Steven Berkoff’s work, and indeed the man himself, has always had the ability to divide the crowd but his work is invariably recognisably distinctive. It has even led to an adjective being coined in his honour – Berkovian. This is used to describe the eclectic mix/hodgepodge (take your choice) drawn from practitioners like Artaud and Brecht, using an extreme physicality and mime techniques and combining aspects from genres as diverse as Japanese Noh/Kabuki, British music hall and ancient Greek drama all topped off with a healthy dollop of Shakespeare. Much of this, and more besides, is evident in a touring production of two of his shorter pieces Dog/Actor being mounted by Threedumb Theatre. I caught up with the pairing in (for me) far flung Wimbledon as part of their Fringe Festival.
The production has been developed over a number of years, with a previously planned tour banjaxed by the pandemic (see here). This forced Threedumb artistic director Stephen Smith into a steep learning curve with online theatre productions which is where I first came across his work and became increasingly captivated with what he has done. So, I was thrilled to finally catch up with this performer’s work on a real stage at last. It’s a short but densely packed evening which provides a superb showcase for the actor and had me thoroughly enjoying Berkoff’s work – which I have to admit has not always been the case.
First up is Dog. Although the title nominally applies to Roy, a pit bull terrier it might also equally be appropriate for his owner, a racist skinhead who is handy with a paint spray can, enjoys the football, is not averse to sporadic verbal and physical violence and thinks nothing of downing thirty five pints of lager – or bringing them back up again. Having had the pleasure of several online conversations with the actor nothing could be further away from his real personality, yet Smith captures the lairy attitude, faux injured innocence and explosive temper as though to the manner born. And that goes double for the dog, badged “a tank with teeth”, who is also given a voice. For Smith switches between the two with lightning speed and with the aid of some sharp lighting cues as he falls to the floor and bounds back up again, snarling as both human and canine. It’s a visceral performance and yet, at bottom, the character is clearly a damaged soul trying to cover inadequacy with bravado. If there’s any doubt about this, Smith as director closes the piece to the strains of The Platters’ Great Pretender neatly segueing into the second monologue which also takes artifice and pretence as its theme.
Actor is an both a homage to and deconstruction of the likes of mime artist Marcel Marceau (or the Kenny Everett character Morris Mimer – take your pick) in particular and of the pretentious and increasingly paranoid world of thespians in general. The main character here is a struggling artiste going about his daily business and encountering all manner of fellow performers most of whom are clearly doing better than him in the employment stakes. He pretends to be happy for them but is really seething inside. We are also taken through several inevitably failed personal relationships and his dealings with an over doting mother and a dismissively abusive father. Although it is about an individual struggling in a particular set of circumstances there is also a universality which is brought out about life’s setbacks and how we cope (or don’t) with “the slings and arrows of outrageous fortune”. Not for nothing is the actor’s audition piece one of the most famous speeches in literature. Though this is all pretty much a stereotype to be laughed at, Smith makes so much more out of the text and takes it to a new level showing his protagonist’s desperation and inability to deal with rejection. Cleverly the disparate threads of the piece are drawn together by the use of a loop pedal whereby a percussive underscoring provides a rhythmic beat to proceedings and accentuates the poetic nature of the spoken text.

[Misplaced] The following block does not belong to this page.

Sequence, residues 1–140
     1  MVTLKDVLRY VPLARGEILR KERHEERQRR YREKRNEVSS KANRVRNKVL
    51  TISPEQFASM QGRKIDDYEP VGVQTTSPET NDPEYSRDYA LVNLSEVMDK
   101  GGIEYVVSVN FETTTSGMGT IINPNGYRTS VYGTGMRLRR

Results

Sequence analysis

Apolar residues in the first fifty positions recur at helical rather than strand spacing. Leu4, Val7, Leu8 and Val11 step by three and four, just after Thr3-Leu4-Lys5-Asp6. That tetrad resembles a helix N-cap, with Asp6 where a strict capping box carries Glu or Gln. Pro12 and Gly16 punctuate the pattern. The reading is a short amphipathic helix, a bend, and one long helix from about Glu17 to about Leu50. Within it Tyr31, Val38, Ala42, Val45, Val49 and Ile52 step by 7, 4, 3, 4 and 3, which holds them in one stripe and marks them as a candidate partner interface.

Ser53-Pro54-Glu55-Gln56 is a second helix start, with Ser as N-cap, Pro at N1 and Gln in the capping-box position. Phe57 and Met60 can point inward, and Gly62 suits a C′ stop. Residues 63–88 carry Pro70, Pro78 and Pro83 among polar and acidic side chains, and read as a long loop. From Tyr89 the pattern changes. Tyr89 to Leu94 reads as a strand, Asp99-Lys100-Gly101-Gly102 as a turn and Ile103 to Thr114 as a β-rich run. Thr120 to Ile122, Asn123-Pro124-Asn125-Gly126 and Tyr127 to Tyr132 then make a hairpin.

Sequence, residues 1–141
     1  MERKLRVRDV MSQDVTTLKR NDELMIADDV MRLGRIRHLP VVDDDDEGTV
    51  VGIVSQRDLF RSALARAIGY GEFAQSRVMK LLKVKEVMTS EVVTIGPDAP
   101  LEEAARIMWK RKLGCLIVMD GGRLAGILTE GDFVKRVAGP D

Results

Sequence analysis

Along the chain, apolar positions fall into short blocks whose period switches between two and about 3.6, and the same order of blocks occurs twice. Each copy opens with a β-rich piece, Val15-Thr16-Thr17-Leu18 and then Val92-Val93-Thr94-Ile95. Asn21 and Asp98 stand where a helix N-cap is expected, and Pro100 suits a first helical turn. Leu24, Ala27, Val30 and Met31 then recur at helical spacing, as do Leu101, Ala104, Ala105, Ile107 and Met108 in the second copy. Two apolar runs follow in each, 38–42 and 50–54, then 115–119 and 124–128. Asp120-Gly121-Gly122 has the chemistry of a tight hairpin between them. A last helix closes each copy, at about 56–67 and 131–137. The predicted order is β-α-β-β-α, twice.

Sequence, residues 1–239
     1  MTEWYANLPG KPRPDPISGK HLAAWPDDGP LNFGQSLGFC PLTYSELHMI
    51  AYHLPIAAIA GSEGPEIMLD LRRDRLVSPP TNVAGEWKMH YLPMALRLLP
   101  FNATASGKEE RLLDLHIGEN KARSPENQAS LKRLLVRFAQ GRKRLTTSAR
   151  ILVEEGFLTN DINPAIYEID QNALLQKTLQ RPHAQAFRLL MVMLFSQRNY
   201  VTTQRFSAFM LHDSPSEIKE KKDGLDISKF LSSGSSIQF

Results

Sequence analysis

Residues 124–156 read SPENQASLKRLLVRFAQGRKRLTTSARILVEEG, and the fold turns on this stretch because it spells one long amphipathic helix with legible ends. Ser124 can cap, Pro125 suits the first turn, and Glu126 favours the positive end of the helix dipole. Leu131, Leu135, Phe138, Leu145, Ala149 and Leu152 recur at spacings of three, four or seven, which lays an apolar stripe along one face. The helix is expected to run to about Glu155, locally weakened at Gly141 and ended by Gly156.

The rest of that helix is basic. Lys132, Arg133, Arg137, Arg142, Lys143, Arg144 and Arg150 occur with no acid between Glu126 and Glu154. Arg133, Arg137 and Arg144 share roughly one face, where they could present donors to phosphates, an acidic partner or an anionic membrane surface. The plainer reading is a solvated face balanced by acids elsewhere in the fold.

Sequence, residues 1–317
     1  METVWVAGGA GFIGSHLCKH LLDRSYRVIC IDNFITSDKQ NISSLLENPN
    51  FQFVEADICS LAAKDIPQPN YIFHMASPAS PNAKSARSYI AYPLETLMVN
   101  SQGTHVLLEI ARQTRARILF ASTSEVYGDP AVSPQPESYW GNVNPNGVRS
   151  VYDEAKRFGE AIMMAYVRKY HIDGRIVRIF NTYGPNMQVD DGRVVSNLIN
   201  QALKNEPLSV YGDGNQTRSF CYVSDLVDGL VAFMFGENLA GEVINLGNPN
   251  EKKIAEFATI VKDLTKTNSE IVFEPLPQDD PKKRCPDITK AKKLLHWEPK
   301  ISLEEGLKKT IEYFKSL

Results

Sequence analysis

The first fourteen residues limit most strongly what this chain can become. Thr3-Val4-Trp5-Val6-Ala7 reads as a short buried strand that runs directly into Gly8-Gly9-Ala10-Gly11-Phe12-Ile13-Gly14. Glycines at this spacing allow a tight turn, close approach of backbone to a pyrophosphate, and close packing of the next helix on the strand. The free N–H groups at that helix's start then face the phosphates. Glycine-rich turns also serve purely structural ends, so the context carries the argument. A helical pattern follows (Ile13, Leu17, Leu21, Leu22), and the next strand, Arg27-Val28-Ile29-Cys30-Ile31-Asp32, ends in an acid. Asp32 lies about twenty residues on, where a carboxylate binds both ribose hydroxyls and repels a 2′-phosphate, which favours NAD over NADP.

The tour of Dog/Actor continues to Rugby, Cambridge, Camden and Edinburgh over the summer so catch it when you can. As acknowledged in a short thank you at the end of the show, this sunny warm early evening wasn’t perhaps quite the right moment to be sitting in a small black box theatre but nonetheless I found it a rewarding experience. Stephen Smith is a skilled and intense performer who has shown he has the chops to embrace digital and live theatre and deliver in both formats. Unlike the two protagonists desperately seeking validation in this memorable show, he can certainly look forward to a bright future.